Justice Index 2016 Finds States Need to Do More to Serve Self-Represented Litigants

The National Center for Access to Justice at Cardozo Law School recently released the Justice Index 2016—an updated version of the 2014 Index.

The Justice Index compiles data from state justice systems, comparing states' performance on four broad indicators:

  • Attorneys available for people in poverty
  • Support for self-represented litigants
  • Support for litigants with limited English proficiency
  • Support for people with disabilities

The Justice Index 2016 contains new indicators, data points, and sources, presenting a more thorough and precise understanding of state performance in the four key areas.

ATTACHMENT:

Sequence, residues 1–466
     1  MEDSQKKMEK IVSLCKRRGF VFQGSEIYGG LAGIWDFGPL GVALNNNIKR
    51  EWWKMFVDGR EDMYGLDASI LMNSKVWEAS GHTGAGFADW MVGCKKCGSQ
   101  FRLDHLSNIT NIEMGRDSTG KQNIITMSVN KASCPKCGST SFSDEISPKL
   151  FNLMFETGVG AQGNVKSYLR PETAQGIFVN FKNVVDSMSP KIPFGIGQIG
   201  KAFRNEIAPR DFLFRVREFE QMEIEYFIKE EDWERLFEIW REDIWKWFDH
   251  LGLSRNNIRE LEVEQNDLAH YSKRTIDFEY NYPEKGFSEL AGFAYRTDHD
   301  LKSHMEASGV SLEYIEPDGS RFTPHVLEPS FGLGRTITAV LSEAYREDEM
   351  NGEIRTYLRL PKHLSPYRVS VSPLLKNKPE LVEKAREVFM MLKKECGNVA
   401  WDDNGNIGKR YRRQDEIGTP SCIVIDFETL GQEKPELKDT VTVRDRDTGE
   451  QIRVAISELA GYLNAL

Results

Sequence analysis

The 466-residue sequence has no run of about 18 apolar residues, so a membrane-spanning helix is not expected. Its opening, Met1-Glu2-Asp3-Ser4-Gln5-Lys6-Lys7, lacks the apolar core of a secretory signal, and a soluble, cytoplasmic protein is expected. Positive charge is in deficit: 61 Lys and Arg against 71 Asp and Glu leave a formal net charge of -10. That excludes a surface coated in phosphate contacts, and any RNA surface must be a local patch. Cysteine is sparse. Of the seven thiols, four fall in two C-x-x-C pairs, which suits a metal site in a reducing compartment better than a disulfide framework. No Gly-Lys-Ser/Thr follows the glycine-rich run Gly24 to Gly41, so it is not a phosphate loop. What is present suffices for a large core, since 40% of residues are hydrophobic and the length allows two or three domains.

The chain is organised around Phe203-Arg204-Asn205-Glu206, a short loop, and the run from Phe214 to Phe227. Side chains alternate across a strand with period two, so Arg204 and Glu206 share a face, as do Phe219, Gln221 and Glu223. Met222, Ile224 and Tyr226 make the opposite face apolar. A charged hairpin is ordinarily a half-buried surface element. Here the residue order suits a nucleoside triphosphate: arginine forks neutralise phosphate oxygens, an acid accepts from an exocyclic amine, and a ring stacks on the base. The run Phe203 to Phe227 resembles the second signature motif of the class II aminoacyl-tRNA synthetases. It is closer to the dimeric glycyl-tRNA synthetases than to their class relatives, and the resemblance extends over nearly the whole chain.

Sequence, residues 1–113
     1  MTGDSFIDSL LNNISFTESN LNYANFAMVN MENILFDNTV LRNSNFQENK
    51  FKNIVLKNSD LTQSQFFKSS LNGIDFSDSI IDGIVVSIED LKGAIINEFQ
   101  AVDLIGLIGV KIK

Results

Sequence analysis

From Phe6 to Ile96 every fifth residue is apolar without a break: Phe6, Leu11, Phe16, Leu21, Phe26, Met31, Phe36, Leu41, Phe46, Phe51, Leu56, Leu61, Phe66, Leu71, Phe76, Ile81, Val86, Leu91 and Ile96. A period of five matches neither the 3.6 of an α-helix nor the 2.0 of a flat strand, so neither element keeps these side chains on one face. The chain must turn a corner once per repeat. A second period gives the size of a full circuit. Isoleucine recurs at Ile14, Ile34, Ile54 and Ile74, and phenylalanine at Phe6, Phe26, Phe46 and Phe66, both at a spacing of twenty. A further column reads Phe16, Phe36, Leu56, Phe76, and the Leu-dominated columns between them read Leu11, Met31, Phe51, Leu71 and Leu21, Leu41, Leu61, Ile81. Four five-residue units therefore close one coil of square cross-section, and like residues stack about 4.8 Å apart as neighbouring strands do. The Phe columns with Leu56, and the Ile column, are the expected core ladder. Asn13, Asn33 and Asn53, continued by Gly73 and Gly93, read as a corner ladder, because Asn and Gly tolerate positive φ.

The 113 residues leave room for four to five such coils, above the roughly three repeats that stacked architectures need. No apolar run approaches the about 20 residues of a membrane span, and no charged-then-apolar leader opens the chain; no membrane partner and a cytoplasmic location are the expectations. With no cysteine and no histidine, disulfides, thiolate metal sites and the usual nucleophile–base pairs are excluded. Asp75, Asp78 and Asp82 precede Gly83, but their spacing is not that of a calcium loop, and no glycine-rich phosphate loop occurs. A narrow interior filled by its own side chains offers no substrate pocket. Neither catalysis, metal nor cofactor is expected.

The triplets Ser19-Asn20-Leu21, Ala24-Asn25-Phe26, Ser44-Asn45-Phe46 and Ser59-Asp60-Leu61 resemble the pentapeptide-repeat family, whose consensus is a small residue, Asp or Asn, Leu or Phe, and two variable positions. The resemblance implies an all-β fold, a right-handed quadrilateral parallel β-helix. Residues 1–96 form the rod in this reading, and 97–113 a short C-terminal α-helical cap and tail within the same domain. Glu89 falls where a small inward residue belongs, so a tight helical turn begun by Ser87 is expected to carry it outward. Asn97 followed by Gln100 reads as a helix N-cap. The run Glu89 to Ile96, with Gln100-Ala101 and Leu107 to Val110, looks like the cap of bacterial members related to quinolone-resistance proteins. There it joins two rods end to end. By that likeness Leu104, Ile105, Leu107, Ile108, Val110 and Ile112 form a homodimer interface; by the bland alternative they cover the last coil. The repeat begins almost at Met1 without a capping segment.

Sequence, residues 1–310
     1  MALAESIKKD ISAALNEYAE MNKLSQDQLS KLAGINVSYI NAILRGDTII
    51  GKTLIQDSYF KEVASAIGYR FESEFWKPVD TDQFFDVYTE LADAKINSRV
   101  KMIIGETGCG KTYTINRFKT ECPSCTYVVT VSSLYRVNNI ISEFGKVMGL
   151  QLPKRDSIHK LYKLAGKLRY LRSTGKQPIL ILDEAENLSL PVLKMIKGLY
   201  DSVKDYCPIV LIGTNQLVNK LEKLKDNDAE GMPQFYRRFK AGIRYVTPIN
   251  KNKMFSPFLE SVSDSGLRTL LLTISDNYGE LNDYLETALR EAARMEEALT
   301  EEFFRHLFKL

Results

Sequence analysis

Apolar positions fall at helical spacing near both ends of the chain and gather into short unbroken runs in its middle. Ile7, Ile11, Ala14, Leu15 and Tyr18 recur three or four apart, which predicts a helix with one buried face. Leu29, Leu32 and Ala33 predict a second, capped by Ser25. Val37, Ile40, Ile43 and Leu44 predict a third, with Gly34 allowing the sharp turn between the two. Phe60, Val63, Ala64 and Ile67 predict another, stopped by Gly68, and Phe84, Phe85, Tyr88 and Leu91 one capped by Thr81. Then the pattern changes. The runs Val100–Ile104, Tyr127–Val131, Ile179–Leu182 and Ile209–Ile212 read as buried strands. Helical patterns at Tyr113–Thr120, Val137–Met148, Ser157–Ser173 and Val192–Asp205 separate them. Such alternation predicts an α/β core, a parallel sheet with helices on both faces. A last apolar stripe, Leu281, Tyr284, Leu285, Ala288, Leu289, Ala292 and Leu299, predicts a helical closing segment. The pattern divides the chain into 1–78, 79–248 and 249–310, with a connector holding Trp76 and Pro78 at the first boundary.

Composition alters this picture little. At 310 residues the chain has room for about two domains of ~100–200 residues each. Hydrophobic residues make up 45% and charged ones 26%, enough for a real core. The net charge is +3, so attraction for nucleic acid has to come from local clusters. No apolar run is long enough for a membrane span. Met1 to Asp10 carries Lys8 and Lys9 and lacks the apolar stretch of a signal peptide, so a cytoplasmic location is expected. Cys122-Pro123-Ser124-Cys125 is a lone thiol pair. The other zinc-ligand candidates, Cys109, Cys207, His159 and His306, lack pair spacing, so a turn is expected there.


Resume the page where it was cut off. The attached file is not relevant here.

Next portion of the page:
With respect to the findings on resources for self-represented litigants, scores suggest that in many states substantial efforts are still required to best serve self-represented litigants. IAALS will soon release its own findings from Cases Without Counsel, a qualitative empirical research study on self-representation in U.S. family court, accompanied by recommendations for courts, legal professionals, and broader communities.

Mentioned Content 
Our study explored how self-represented litigants in family court navigate and experience the legal process.